I'm determined to keep these pests and their unsightly damage to the bare minimum but I'm not willing to use chemicals. Unfortunately, I didn't find any reports of natural enemies to deploy as countermeasure. My current plan is to go out several times daily, taking along a small container filled with very soapy water.  Whenever I spot a four lined plant bug on a leaf, rather than trying to capture and squash it with my fingers (super organic but also super gross) I'll tap the stalk of the plant to knock the offending bug into the soapy water where it should promptly sink to the bottom and drown.

My kill count so far is five adults and a couple of nymphs who all met their end with extreme soapjudice.  I doubt I'll be able to locate and eliminate every single one of these damaging bugs, but I hope to keep their population low and the harm they do to the bare minimum.

Hey!  In my buggy obsession I almost forgot.  Happy Earth Day y'all!


Monday, April 21, 2014

Apropos of April

I never seem to get organized in time to participate in variously occurring "days" where garden bloggers show off what is blooming at regular intervals (or in other cases, what their foliage stars are up to). I applaud those who do so.  I openly admit that sort of advance planning is not one of my strengths. 

Regardless, there is a lot going on in our spaces this time of year.  At the risk of being designated a "petal pusher" (I'm looking at you, DC!) and apropos of nothing more than April itself?  Here's what's been grabbing most of the local attention lately.
This Grass Spider (Agelenidae) is apparently suffering from an identity crisis as it spent all day posing on the pink evening primrose (Oenothera speciosa).

Coral honeysuckle (Lonicera sempervirens) has rewarded me for cutting back overhanging branches with an abundance of scarlet trumpets.

This stray cat has adopted our garden spaces.  We keep her well fed and I can gratefully report no signs of bird predation on her part, though she does find the water in the birdbath especially flavorful.
The Hub carefully repots and sets out his growing collection of Plumeria alba plants annually.  This anole (Anolis carolinensis) will be disappointed they've been moved to their summertime spot in the back as he was a regular sun bather out front in the afternoons.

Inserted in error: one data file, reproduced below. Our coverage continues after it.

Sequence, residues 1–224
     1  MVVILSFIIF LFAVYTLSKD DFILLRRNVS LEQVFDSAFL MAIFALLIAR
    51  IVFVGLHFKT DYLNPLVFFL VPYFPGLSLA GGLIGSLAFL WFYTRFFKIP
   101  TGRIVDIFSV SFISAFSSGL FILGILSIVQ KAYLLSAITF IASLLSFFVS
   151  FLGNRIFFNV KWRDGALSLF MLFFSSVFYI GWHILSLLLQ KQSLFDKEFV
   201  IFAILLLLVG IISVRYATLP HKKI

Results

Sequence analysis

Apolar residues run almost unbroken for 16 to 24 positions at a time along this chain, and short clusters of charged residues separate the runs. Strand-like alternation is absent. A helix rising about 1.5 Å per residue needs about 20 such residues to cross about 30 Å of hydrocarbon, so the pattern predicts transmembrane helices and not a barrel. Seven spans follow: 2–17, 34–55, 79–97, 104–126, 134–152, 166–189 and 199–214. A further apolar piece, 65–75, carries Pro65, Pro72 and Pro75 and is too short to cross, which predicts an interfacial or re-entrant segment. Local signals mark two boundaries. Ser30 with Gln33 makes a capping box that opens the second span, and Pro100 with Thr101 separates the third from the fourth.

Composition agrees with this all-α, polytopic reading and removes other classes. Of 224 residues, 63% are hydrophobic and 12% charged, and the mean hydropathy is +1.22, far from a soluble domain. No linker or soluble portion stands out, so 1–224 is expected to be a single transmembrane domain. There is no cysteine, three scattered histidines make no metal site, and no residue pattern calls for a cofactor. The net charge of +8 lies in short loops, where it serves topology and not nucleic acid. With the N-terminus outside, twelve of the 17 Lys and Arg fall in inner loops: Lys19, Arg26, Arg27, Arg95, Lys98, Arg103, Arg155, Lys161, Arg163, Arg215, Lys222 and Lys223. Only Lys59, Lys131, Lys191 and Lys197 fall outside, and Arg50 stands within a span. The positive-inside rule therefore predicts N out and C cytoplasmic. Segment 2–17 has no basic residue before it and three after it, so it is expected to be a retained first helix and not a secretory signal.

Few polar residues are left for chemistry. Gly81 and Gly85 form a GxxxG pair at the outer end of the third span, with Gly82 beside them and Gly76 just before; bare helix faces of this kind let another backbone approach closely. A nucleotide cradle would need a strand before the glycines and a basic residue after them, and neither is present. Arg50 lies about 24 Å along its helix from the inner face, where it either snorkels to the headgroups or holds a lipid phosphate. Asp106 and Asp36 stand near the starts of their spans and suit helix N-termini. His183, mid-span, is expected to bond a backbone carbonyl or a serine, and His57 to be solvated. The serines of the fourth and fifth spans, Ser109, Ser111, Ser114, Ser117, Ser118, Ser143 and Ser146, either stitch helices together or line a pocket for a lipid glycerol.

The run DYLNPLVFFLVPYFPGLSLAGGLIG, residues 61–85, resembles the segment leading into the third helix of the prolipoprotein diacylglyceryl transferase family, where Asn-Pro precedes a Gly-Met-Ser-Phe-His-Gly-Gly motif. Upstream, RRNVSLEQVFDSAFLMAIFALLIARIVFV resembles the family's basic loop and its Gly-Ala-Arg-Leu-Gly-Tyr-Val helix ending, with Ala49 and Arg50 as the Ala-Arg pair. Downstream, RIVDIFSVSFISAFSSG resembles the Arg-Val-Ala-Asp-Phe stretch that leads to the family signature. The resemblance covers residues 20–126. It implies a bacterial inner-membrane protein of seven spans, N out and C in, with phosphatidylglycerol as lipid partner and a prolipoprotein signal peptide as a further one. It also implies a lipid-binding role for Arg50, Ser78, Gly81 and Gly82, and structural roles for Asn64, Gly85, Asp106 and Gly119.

This Corn Poppy (Papaver rhoeas or Flanders poppy) is not very deer resistant but I have hopes it will freely reseed so Bambi's periodic chomp-pruning won't keep me from having a few blooms each year.
The Northern Mockingbird (Mimus polyglottos) was designated the official state bird of Texas in 1927.  This one serenades the entire neighborhood from various perches in the tops of the oak trees.   Occasionally he'll set up in trees close to a street light on our corner and sing all night long.  All.  Night.  Long.
Yellow Coneflower (Ratibida pinnata - I think) glows in the morning sun.

Another singer in the local oaks - a black crested titmouse (Baeolophus atricristatus)
A consistent favorite of local gardeners and birds alike - Possumhaw Holly (Ilex decidua).
I realize Pyracantha coccinea is now considered invasive, but this one has been growing here since before we moved in and has reached considerable size and thorniness.  The birds love it and as long as I don't have any work to do in the bed close by, I do too.
It can look pretty sketchy off season, but it is hard to beat Damianita Chrysactinia mexicana) in bloom.
I wish these two were more seasonally synchronized, but at least I've got one "late" bluebonnet playing nicely with an "early" Salvia coccinea.
Mexican honeysuckle (Justicia specigera) growing in between paddles of Opuntia ellisiana.
The delicate bloom stalk of Provence Lavender (Lavandula Intermedia which grows well here in Texas), highlighted against a backdrop of Damianita.
With a promise of blooms to come, Opuntia ellisiana, or spineless prickly pear, is setting out rows of buds.
Those are most certainly the highlights of our garden spaces so far this April. Happy Earth Day 2014 (hey - I can plan ahead!) and thanks as always for dropping by.